The discipline of prompt engineering is still in its infancy, with its best practices yet to be discovered. For instance, even OpenAPI only defines three categories for prompt in its playground: system, user, and assistant. 

I’m excited for start-ups, like Melodi, that working to create the AI tooling we need to iterate with human feedback.

Personally, I use six categories to structure the prompt design process:  

  • Flow 

  • Role

  • Mission 

  • Guidelines

  • Examples 

  • Output parameters 

I’m working on a prompt design guide that outlines each of these. You can subscribe for access when it’s complete. In this article, my goal is to bring the iterative nature of the prompt design process to life. 

The power of user insights in prompting 

I'm not implying that engineering is unnecessary. For example, consider a 'clothing copilot' designed to recommend outfits to a fashion company's customers. Creating the architecture and executing this functionality demands significant engineering effort; however, the actual written prompts require meticulous design.


A designer’s first job is to map the steps that go into achieving the end goal. Conversational AI interactions are far more open-ended than standard software workflows, yet the copilot still needs to lead users through a logical sequence. Without this, the model and your users can become lost. Or as highlighted by designer, Paz Perez, users “don’t know what to do or ask for when interacting with an AI-powered chat.”

The iterative prompt design process… 

Let's imagine that the designer initially outlined a flow consisting of three steps: 1) identify the occasion for the outfit 2) discern the user's style and 3) present options to the user. However, during testing, the designer notices that users frequently provide extra context about the inspiration behind their outfit (e.g. “I always wear neutral colors, but I really want to start wearing more funky patterns”). Because of this, the designer recommends adding a fourth prompt to the flow, wherein the copilot probes into the user's goal for the outfit.


The most powerful method to guide a non-deterministic model towards desired outcomes is by providing examples of what you want the model to do. This approach, known as few-shot prompting, allows the model to mimic the examples provided.

The iterative prompt design process… 

To help the model identify the occasion for the outfit, the designer creates a single example within the prompt, illustrating how the model should respond to a user’s input.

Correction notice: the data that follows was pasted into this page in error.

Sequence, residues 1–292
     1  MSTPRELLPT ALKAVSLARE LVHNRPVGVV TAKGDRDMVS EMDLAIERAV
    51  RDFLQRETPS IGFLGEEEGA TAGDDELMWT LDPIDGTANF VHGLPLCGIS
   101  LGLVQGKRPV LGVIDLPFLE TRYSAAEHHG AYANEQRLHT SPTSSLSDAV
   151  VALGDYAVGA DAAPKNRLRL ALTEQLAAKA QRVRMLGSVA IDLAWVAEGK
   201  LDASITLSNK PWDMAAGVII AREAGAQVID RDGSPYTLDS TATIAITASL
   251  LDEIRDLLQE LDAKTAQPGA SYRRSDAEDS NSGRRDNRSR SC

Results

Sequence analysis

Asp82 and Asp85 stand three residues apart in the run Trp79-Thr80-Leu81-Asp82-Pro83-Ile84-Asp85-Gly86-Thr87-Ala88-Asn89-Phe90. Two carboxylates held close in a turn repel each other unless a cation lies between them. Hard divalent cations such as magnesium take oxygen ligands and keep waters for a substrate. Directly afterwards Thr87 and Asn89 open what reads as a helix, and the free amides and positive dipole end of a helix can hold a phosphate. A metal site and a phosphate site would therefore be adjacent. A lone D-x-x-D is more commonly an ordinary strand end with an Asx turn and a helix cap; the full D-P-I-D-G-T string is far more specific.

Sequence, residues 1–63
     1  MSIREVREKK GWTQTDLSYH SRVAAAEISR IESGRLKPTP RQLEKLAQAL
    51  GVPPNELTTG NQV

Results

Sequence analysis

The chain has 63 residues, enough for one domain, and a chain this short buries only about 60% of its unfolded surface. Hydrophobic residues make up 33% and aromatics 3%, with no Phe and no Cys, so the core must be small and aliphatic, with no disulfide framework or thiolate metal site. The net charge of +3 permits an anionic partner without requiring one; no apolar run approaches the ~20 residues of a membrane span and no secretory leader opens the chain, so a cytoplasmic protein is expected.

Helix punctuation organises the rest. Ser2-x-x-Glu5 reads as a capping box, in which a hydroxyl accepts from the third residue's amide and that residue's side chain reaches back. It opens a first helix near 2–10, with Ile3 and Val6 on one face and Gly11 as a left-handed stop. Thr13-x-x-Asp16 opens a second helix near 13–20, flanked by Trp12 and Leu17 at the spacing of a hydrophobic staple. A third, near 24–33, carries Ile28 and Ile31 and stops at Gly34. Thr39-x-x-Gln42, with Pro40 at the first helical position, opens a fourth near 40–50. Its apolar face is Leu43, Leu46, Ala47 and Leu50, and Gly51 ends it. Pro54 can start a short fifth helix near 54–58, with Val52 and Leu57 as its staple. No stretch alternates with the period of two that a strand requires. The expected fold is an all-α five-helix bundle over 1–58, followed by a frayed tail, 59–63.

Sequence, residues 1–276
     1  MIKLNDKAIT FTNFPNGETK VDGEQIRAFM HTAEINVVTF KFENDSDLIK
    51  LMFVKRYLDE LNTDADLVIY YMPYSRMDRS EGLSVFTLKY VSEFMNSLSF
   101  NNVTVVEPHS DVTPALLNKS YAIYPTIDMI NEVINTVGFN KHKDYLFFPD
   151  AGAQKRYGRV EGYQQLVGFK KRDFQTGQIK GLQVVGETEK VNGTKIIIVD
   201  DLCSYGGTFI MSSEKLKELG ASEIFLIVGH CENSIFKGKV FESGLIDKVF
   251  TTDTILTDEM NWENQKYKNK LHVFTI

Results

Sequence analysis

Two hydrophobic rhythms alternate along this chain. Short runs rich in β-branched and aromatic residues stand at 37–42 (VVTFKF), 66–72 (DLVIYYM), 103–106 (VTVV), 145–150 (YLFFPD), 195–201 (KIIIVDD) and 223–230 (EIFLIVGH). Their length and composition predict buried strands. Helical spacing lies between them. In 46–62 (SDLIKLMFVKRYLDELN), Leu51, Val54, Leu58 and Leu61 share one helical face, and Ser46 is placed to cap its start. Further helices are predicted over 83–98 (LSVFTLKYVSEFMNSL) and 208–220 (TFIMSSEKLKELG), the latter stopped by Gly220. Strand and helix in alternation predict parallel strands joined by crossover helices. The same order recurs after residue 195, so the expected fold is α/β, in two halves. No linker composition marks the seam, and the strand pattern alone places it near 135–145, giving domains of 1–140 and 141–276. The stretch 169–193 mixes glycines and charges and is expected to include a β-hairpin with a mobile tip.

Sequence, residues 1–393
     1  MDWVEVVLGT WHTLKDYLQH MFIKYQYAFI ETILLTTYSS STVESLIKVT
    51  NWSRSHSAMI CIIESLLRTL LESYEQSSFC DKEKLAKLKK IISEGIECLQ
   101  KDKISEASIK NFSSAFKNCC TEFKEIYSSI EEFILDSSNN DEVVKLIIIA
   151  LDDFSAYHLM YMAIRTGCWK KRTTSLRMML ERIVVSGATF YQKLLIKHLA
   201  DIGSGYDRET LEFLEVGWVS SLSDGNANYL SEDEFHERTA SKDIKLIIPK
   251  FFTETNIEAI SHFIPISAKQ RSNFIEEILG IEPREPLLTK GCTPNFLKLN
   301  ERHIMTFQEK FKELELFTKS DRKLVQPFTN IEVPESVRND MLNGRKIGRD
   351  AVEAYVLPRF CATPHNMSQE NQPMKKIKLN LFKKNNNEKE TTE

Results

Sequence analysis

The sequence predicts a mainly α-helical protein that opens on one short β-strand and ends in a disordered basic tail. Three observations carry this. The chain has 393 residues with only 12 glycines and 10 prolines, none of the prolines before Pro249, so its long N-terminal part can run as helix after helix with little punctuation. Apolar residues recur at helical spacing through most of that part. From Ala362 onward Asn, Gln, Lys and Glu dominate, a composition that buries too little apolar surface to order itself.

• User input “I need a dress for prom.”

  • Model response occasion: prom

During testing, however, the designer notices a pattern: sometimes users mention a specific event (e.g. “my birthday”) and other times they mention a motive for buying (e.g. “I broke up with my boyfriend”). This insight leads the designer to develop two categories of examples for the prompt: one for event-based occasions and another for motivation-based reasons.


Examples are a powerful tool, but occasionally, the model requires extra direction. This is where guidelines become useful. A guideline helps further refine the model’s behavior, more explicitly than an example alone. 

The iterative prompt design process… 

In testing, the designer notices that the model is paraphrasing a user’s response and losing important detail. 

For example: 

  • User input “I need a dress for prom.”

  • Model response occasion: the user needs a dress for a dance 

The designer adds a guideline to the prompt that explicitly specifies: “use the exact wording that the user provides; try not to paraphrase their response.” This guideline can provide additional context to shape the outcome. 

It’s Aries Season 

I'm hoping these simple examples help highlight how crucial designers and the iterative design process are in creating AI experiences that are usable and valuable.

Let's face it: no one's going to sit around waiting for designers to become valuable in the AI era, but companies need design more than ever.

When imposter syndrome strikes, just remember, nobody has all the answers. We're all trying to figure it out as we go, together.

Hi, I’m Alex

I’ve spent 15 years in innovation, strategy, and experience design.

Say hi on Linkedin. I’d love to chat more. Or, if you’re looking to strategically reinvent your UX/CX, schedule a call. 

Have a human week,